NELS CLINE 4 at Le Poisson Rouge (Aug. 20, 8 p.m.). Nels Cline and Julian Lage are two omnivorous guitar players with ideas about linking the jazz tradition with American rock and folk. But they go about it differently: Cline is a pedals whiz, using electronics and effects to multiply the possibilities of his ax, whereas Lage sticks to a relatively traditional style, dazzling you more directly. In the Nels Cline 4, they lean toward the latter approach — despite the name at the top of the marquee, and even though the group’s angular original music has Cline’s identity written all over it. The band is rounded out by the bassist Jorge Roeder and the drummer Tom Rainey.
AZAR LAWRENCE EXPERIENCE at Jazz Standard (Aug. 15-18, 7:30 and 9:30 p.m.). Lawrence’s long career has largely played out in the shadow of John Coltrane — and he seems to have no problem with that. Lawrence burst onto the jazz scene in the 1970s, after Coltrane’s death at age 40 had left both a spiritual and a stylistic void. Particularly in his work with McCoy Tyner, Coltrane’s former pianist, Lawrence proved himself a worthy carrier of the mantle, playing the tenor saxophone in an alabaster tone and springing from melodic runs to scorching cries — as if to unite the various periods of Coltrane’s career. This weekend Lawrence leads a septet featuring Theo Saunders on keyboards, Brian Swartz on trumpet, Julian Coryell on guitar, Edwin Livingston on bass, Yayo Morales on drums and Babatunde Lea on percussion.
JOHNNY O’NEAL TRIO at Smoke (Aug. 16-17, 7, 9 and 10:30 p.m.). A dizzyingly talented pianist with equal doses of stride and bebop in his playing, O’Neal has much in common with Oscar Peterson, the famed piano player who in the 1950s and ’60s was seen as Art Tatum’s heir apparent. (O’Neal, in turn, portrayed Tatum in “Ray,” the blockbuster 2004 film.) This weekend O’Neal will play music from Peterson’s repertoire, celebrating what would have been his 94th birthday. O’Neal will be joined by the bassist Peter Washington and the drummer Lewis Nash.
MATANA ROBERTS at the Stone (Aug. 21-24, 8:30 p.m.). This alto saxophonist and multimedia artist has a deep, integrative way of pulling audiences into her head space, and into her explorations of American history and culture. Her shows often involve some mix of storytelling, free improvising and audience participation. This coming week at the Stone, for four days in a row, she will team up with a different duet partner each night; in this format, it’s likely (though not guaranteed) that she will largely stick to saxophone. She will perform with the drummer Gerald Cleaver on Wednesday, the guitarist Ava Mendoza on Thursday, the guitarist Liberty Ellman on Aug. 23, and the pianist Vijay Iyer on Aug. 24.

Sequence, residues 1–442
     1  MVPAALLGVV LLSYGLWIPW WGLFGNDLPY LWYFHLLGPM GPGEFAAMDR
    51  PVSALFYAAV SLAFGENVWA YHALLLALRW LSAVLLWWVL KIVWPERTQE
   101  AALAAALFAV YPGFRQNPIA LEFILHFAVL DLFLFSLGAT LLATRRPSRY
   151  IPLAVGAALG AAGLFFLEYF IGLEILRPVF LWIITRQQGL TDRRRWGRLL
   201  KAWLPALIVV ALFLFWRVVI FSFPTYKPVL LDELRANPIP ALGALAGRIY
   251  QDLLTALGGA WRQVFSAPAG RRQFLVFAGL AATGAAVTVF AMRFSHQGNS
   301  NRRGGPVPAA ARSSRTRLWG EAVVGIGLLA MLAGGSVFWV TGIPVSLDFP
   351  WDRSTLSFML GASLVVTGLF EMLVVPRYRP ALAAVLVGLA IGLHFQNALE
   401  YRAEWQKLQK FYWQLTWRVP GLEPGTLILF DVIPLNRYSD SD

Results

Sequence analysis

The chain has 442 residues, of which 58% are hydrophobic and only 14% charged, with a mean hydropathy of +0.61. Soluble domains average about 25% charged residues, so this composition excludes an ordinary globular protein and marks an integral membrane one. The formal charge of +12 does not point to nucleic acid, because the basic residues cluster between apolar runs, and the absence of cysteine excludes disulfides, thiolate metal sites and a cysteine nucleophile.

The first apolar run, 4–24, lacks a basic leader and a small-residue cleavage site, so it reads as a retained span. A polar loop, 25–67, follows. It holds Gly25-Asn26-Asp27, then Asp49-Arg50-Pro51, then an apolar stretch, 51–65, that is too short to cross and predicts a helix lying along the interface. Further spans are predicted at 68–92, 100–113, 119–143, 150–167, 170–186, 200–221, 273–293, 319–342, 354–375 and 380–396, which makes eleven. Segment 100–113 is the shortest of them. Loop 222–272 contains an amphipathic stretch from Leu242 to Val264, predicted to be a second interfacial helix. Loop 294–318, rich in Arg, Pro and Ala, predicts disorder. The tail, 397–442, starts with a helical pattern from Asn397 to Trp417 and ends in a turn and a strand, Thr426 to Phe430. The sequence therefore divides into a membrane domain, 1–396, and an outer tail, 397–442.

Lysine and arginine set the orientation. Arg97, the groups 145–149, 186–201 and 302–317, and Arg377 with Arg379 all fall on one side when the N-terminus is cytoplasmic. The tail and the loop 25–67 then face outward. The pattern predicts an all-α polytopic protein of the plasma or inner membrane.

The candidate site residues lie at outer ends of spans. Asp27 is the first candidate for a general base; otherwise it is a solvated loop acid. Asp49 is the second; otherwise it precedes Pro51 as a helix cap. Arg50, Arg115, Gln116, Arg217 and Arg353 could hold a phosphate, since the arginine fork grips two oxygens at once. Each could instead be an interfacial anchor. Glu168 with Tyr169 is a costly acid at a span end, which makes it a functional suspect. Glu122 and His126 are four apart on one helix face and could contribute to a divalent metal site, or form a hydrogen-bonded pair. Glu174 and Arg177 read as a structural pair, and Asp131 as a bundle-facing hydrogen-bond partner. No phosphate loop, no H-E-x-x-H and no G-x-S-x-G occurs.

MARK SHIM TRIO at Bar Bayeux (Aug. 21, 8 p.m.). If you were a jazz fan who climbed into a time capsule in the late 1990s and popped out today, one of the first questions you’d ask might be “Where’s Shim?” For those watching closely, this tenor saxophonist — who plays with a wary tone and folds bubbling rhythms into his molten improvisational flow — appeared poised for an illustrious career as a bandleader. But it never fully took off. Nowadays you usually find him in bands led by other established musicians, like Vijay Iyer or Justin Brown. Earlier this year, he was featured along with the drummer Damion Reid on “Ganymede,” the latest record by the bassist Matt Brewer. At Bar Bayeux, the same personnel will perform, but this time under Shim’s leadership.
KALIA VANDEVER at the Jazz Gallery (Aug. 17, 7:30 and 9:30 p.m.). Slow and viscous, the original music on “In Bloom,” this young trombonist’s debut recording, moves with an unhurried, sighing attitude. She writes melodies with long, held notes, and her songs usually linger between slow and mid-tempo. The idea, it seems, is to dip you into a feeling or a pattern or a breathing speed, and keep you there. Vandever will play music from “In Bloom,” which came out in the spring, with the band from the album: Theo Walentiny on piano, Lee Meadvin on guitar, Nick Dunston on bass and Connor Parks on drums.
SLOPPY JANE at the Glove (Aug. 16, 8:30 p.m.) and at Baby’s All Right (Aug. 17, 7:30 p.m.). The materfamilias of this cacophonous clan and the 21st century’s answer to Captain Beefheart, Haley Dahl, just wants what we all want: for her band to record their next album in a cave in West Virginia. For the right price, she’ll even eat her favorite suit to fund the endeavor. This weekend, you’ll have not one but two opportunities to pay for them to play and buy some merch while you’re at it, thus helping them inch closer toward this pteropine dream. On Friday, not only can you bask in Sloppy Jane’s wonderfully warped world, you can enjoy the delightfully dimented ramblings of Sugarlife and get the chance to say goodbye to the Glove, an experimental art space in Bushwick, Brooklyn, that is closing its doors on Sept. 1. On Saturday, Sloppy Jane will share a bill with the Muckers, who churn out grooves as sparkly as the silver platform boot that graces the cover of their debut EP, “It’s Better Without You.”